LONDON--Communications service providers (CSPs) should offer voice calling for free on LTE networks and instead make their money by charging subscribers and advertisers for video calls, a senior product marketing analyst at Oracle Communications said.
Alex Westley told delegates attending the LTE Voice Summit here that CSPs should monetise the video portion of VoLTE networks, and give subscribers free access to the high-definition (HD) voice services the technology provides.
Westley noted that CSPs need to make it easy for subscribers to understand how much data they are using. For example, five-minutes of video calling per day for one month (30 days) translates to between 1.2 GB and 1.8 GB of data per month, he noted.
"If we take the example that HD voice is free… that five minutes calling a day translates to 150 minutes per month, so I think it needs to be easier to understand for subscribers," Westley said, adding that by doing so, carries can "make a better environment" for their customers.
Service providers also have an opportunity to use VoLTE to offer new revenue-generating services. One such service is sponsored calling. Westley cited an example of a parent and child conducting a video call, noting that if the latter is out of cash the parent "could sponsor the video call"--or, put another way, the parent can pay for the video session.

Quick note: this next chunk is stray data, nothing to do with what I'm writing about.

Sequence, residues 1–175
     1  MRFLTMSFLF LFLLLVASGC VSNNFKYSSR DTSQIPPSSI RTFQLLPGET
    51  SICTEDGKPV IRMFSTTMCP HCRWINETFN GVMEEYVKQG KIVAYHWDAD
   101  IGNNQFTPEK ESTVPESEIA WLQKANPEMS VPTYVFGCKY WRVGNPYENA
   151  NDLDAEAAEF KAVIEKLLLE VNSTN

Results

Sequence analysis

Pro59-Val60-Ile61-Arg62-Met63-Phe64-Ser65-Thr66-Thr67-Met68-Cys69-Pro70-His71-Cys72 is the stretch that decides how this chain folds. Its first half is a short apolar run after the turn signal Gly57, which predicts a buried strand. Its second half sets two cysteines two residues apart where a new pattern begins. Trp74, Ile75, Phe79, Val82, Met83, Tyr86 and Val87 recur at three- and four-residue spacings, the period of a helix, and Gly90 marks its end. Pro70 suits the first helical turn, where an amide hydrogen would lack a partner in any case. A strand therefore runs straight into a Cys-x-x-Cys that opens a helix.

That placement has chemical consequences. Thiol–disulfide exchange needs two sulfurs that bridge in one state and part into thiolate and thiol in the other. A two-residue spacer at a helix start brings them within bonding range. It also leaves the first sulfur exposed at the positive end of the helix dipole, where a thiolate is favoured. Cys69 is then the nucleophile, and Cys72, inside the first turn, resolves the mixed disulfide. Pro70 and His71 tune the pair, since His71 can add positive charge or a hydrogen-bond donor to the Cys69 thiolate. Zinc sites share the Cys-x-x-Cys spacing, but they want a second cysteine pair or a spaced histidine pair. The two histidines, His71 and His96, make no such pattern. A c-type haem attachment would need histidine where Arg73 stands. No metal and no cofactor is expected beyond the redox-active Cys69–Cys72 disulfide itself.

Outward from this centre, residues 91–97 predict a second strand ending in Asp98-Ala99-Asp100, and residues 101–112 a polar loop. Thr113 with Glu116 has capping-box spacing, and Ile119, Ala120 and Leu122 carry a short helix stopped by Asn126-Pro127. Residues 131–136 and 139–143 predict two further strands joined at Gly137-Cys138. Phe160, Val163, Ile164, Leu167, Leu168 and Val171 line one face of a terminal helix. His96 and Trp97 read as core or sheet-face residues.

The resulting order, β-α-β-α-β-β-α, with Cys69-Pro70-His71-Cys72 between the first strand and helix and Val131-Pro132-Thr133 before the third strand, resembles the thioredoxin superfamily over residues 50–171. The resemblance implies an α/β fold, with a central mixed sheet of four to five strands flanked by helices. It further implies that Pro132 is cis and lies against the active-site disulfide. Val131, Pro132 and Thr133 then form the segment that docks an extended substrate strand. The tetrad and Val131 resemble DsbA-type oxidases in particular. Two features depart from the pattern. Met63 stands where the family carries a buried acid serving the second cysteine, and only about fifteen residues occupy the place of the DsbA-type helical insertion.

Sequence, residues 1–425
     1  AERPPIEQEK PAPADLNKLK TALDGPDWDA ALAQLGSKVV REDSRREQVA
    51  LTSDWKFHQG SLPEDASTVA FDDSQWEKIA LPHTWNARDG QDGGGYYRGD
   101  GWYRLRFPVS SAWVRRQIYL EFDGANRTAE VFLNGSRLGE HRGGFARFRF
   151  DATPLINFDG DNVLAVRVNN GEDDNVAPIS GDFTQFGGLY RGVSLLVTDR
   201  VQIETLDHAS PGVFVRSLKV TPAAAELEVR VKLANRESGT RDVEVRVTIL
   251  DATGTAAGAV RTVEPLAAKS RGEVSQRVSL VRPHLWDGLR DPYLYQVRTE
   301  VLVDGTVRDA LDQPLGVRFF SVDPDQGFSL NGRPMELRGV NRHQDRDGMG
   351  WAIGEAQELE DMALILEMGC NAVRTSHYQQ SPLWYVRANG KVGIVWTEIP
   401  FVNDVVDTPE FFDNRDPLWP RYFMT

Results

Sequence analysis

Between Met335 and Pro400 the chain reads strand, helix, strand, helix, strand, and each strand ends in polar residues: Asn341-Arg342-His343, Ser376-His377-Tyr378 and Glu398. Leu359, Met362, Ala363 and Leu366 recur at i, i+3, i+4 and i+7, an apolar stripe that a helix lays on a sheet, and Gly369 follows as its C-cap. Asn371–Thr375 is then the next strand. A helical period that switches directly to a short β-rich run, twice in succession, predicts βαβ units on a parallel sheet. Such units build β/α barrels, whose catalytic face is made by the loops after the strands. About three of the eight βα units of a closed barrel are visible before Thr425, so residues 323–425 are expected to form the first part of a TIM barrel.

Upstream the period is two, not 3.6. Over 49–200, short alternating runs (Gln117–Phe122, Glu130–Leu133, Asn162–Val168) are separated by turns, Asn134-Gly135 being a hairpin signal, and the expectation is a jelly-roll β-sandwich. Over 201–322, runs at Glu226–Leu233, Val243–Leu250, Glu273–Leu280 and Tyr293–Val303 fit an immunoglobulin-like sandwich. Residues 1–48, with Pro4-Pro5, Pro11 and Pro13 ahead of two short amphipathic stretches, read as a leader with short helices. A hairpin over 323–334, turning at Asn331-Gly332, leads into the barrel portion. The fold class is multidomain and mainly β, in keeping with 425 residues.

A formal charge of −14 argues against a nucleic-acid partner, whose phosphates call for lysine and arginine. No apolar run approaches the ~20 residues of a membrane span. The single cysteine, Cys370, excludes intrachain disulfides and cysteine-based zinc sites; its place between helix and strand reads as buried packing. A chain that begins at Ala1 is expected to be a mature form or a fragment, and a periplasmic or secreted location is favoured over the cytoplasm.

Sponsored calls could extend beyond that example and into a full blown advertising model, Westley noted. In this scenario, an advertiser could pay for the cost of a video call session in return for short commercials being shown during the call. "We're seeing that video calling can use quite a lot of data, and whether subscribers will want to pay for that is yet to be seen," Westley said.
Voice over Wi-Fi is another benefit of deploying VoLTE, Westley argued, noting Wi-Fi could be used to boost indoor network coverage and so help operators to monetise VoLTE.
"Basic voice and basic video are just the tip of the iceberg and VoLTE is developing a platform for many…new types of services," Westley said.
While VoLTE presents many new opportunities for service providers, Westley noted that they must deploy the new technology gradually to ensure continuity, and quality, of service. Subscribers are unlikely to tolerate breaks in their existing voice services, for example.
"If you were running a marathon, you wouldn't just go out and run a marathon--you need to train, you need to gradually work up to running the whole marathon. It can be the same way for deploying VoLTE--if you just jump straight in, you're quite likely to get an injury," in the form of dropped or hard to place calls.
"Voice already works today, so if this [dropped call] scenario takes place in the network, it's going to lead to churning of subscribers because voice is such a fundamental requirement," Westley noted.
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